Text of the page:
through mass testing of asymptomatic in-dividualshasnotbeendeﬁnitivelyproven(and rigorous trials to provide such proof are unlikely to occur), pre-diabetes anddiabetes meet established criteria for con-ditions in which early detection is appro-priate. Both conditions are common,increasing in prevalence, and impose sig-niﬁcant public health burdens. There is alongpresymptomaticphasebeforethedi-agnosisoftype2diabetesisusuallymade.Relatively simple tests are available to de-tect preclinical disease (8). Additionally,the duration of glycemic burden is astrong predictor of adverse outcomes,and effective interventions exist to pre-ventprogressionofpre-diabetestodiabe-tes (see Section IV) and to reduce risk of complications of diabetes (see Section VI).Recommendations for testing for pre-diabetes and diabetes in asymptomatic,undiagnosed adults are listed in Table 3.Testing should be considered in all adultswith BMI
and one or morerisk factors for diabetes. Because age is amajor risk factor for diabetes, testing of those without other risk factors shouldbegin no later than age 45.EitherFPGtestingorthe2-hOGTTisappropriate for testing. The 2-h OGTTidentiﬁes people with either IFG or IGTand, thus, more prediabetic people at in-creased risk for the development of dia-betes and CVD. It should be noted thatthe two tests do not necessarily detect thesame prediabetic individuals (9). The ef-ﬁcacy of interventions for primary pre-vention of type 2 diabetes (10–16) hasprimarily been demonstrated among in-dividuals with IGT, not among individu-als with IFG (who do not also have IGT). Asnotedinthediagnosissection(I.B),theFPG test is more convenient, more repro-ducible, less costly, and easier to admin-ister than the 2-h OGTT (4,5). An OGTTmay be useful in patients with IFG to bet-ter deﬁne the risk of diabetes.The appropriate interval betweentests is not known (17). The rationale forthe 3-year interval is that false negativeswill be repeated before substantial timeelapses, and there is little likelihood thatan individual will develop signiﬁcantcomplications of diabetes within 3 yearsof a negative test result.Becauseoftheneedforfollow-upanddiscussion of abnormal results, testingshould be carried out within the healthcare setting. Community screening out-side a health care setting is not recom-mended because people with positivetests may not seek appropriate follow-uptesting and care, and, conversely, theremay be failure to ensure appropriate re-peat testing for individuals who test neg-ative. Community screening may also bepoorly targeted, i.e., it may fail to reachthe groups most at risk and inappropri-ately test those at low risk (the worriedwell) or even those already diagnosed(18,19).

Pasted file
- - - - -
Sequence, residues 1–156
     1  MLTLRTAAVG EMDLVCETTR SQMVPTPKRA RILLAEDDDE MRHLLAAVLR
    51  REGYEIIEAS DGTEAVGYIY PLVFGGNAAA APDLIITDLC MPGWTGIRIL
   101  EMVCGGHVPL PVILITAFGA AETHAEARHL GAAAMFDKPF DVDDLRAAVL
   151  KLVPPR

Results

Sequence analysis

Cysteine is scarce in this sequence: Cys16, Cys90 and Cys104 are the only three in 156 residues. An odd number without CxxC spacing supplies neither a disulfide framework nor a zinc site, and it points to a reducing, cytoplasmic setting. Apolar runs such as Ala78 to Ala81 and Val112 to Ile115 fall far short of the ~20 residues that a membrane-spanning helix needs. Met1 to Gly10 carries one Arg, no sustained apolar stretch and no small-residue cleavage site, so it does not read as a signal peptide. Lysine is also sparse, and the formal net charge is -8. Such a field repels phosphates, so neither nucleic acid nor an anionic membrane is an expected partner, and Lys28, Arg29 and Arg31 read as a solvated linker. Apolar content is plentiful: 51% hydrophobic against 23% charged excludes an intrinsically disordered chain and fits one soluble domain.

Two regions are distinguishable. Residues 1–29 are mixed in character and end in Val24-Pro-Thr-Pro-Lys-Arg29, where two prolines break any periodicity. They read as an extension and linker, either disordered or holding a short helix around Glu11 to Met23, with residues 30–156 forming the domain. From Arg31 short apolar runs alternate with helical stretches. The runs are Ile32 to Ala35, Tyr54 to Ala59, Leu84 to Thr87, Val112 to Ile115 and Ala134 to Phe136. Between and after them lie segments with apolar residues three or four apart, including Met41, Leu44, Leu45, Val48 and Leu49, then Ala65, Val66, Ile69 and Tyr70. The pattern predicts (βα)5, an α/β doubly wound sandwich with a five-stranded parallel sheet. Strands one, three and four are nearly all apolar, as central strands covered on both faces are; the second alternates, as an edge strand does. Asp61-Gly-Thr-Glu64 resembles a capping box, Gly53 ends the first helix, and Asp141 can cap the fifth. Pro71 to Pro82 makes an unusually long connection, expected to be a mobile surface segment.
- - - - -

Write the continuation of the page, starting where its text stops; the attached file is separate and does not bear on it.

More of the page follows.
B. Testing for type 2 diabetes inchildren
The incidence of type 2 diabetes in ado-lescents has increased dramatically in thelast decade, especially in minority popu-lations(20),althoughthediseaseremainsrare in the general population (21). Con-sistent with recommendations for adults,children and youth at increased risk forthepresenceorthedevelopmentoftype2diabetes should be tested (22). The rec-ommendations of the ADA consensusstatement on type 2 diabetes in childrenand youth are summarized in Table 4.